Set Realistic Expectations on your new home construction goals
All buyers want their new home to be built with love and perfect in every way. But this is not realistic.
Although a new house is everything to the buyers, it is just a day job for most of the people who build it. It won’t be built with love; it will be built to the normal standards of the industry. A certain amount of imperfection is inevitable and acceptable.
When I am inspecting pre-owned homes, small cracks in walls, uneven floors, and doors that don’t fit perfectly are all part of what I call character. However when looking at a brand new home I have a higher standard that I inspect to. Cracks, uneven floors and doors that don’t fit correctly are signs of poor workmanship and need correction.
Unfortunately, accepting some degree of imperfection does not come easily to most buyers, especially when they’ve put their life savings into their new house. The cosmetic problems are the easiest to spot, and in our experience generally rattle buyers the most.
This is where buyers have to pick their battles. The distinction is important because most cosmetic concerns are not code related, and the builder is contractually not obliged to fix them. Wasting your energy and the builder’s good will over trivial matters lessens the chances that he will address things that really matter. In my experience most builders really want to build a great home but schedules and costs frequently force a compromise. For example, getting lathered up about scratches on a window that are barely visible to the naked eye and only under optimal lighting conditions, or about subtle differences in the hardness of carpet padding that can only be felt in bare feet, or about a minuscule chip in the concrete driveway will not produce the desired result — a new window, new padding or a new driveway.
When a cosmetic defect is obvious, however, the builder should agree to correct it, and he will in our experience. Carpet seams that are visible from the front door, sagging countertops, a shower floor with a low spot so that water will pool at one end every time it is used or the wrong carpet color are unacceptable by most measures. Even in the face of obvious error, though, it is still important to stay calm and go easy on the visible flaws that you may uncover on the final walk-through before taking possession of your new house.
Why? Because you may also find less obvious flaws that will matter more in the long run. For example, you want to be able to park both cars in your two-car garage. The only way to be sure that they will fit — and that you can get in and out of both easily — is to park the cars in the garage during the final walk-through. When you park them, other garage problems may also become obvious, such as that you can only get into the garage by driving onto the neighbor’s lawn or that the steep angle of the driveway will cause you to scrape the bottom of your car every time you go in or out.
We occasionally discover a house built with no attic insulation as we did recently in Anacortes. This will cause owners to have very high energy bills during the heating season because only a half-inch sheet of drywall will separate the room that the heating system is struggling to warm to 68 degrees from the 30-degree attic above. Few buyers are willing to climb up and examine the roof or explore crawl spaces, but these must also be checked. We inspected a new home and the roofer forgot to add the flashing boots to plumbing vents. Without it, when the next rainy season came, there would be water damage inside the house. While you might spot the garage and roof flaws, you probably don’t have the expertise to recognize problems with the heating and cooling system; for that an experienced home inspector’s assessment can be invaluable.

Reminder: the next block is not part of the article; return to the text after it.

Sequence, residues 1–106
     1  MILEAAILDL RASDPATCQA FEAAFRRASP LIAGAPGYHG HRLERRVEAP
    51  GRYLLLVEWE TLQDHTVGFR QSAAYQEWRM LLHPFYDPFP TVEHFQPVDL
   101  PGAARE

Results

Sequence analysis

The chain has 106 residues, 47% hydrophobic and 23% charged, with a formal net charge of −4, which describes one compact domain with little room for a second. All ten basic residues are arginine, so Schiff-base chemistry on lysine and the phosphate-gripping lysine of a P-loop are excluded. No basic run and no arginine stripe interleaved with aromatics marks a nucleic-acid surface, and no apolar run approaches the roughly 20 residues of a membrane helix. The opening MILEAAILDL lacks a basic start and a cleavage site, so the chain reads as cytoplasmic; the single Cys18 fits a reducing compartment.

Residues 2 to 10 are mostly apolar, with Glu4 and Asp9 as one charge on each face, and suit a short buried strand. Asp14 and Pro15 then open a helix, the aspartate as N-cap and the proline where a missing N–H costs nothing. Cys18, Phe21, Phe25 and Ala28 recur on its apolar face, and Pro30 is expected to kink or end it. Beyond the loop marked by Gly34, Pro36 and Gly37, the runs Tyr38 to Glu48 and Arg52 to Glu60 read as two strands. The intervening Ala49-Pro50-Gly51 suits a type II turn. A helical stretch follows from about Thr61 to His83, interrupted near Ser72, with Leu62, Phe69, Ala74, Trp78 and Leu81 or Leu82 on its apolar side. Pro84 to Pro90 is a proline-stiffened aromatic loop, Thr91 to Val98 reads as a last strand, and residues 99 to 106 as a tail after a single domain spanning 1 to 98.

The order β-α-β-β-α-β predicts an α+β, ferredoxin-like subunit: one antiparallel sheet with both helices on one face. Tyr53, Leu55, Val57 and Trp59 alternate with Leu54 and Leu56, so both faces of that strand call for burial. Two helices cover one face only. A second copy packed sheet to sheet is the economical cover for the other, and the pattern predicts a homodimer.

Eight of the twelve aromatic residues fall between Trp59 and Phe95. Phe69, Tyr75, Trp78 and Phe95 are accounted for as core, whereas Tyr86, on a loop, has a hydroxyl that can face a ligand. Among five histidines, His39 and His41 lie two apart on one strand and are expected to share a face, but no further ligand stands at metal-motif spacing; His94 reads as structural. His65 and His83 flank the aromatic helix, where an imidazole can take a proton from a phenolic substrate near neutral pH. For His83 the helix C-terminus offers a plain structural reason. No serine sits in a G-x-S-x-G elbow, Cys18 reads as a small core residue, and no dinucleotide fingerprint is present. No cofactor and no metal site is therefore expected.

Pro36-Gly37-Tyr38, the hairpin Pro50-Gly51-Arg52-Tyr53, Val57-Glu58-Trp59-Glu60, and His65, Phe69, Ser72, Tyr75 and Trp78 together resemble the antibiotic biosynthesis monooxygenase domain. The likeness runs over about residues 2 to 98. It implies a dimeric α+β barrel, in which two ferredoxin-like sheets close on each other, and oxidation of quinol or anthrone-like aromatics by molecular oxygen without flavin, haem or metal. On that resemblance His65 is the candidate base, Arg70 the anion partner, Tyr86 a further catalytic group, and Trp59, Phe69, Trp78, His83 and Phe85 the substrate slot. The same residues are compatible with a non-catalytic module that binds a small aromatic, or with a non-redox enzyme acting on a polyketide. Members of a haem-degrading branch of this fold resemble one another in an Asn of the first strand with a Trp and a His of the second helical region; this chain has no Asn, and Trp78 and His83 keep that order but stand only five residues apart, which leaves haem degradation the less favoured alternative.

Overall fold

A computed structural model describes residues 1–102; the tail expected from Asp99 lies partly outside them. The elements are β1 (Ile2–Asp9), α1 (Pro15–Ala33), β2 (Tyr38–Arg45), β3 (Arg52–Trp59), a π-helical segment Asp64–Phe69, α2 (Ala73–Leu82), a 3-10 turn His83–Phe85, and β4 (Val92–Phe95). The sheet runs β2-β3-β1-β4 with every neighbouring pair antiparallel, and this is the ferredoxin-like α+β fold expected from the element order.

Very large houses may have heating and cooling equipment in both the attic and the basement, and this can occasionally be a problem as well. In one house, the smaller units were supposed to go in the attic and service the second floor while the large ones were to go in the basement and service the basement and the first floor. Unfortunately, the installers reversed the equipment and put the smaller unit in the basement and the monster in the attic. We have also seen where the AC compressor was installed but never charged with Freon. The customer wouldn’t have realized this for months until he really needed the AC.
At the end of the final walk-through, every buyer will have a list of items to be addressed. The builder will not agree to fix everything, but an experienced home inspector can help the buyer to prioritize them. He will also know how to press to get mistakes corrected and when to bring out the heavy artillery to get action. It’s also important to remember that you as the buyer will have a hand in determining how well your house is built. If you constantly complain to the builder about every perceived flaw as your house goes up, your relationship will quickly turn adversarial. But if you put yourself in his shoes and think how you would want to be informed of a mistake, you’ll realize that shrieking, “You idiot! You ruined my basement!” is not productive.
When you visit the site, bring coffee and doughnuts and make it personal. I have seen two houses side by side with same problems. The screamer didn’t get much satisfaction, but the nice buyer who calmly described his issues, got them fixed. As professional home inspectors, we can help identify the real issues, document them and help present them to the builder in a non-confrontational manner. In many cases, after reviewing the inspection report and our pictures, the builders will fix them.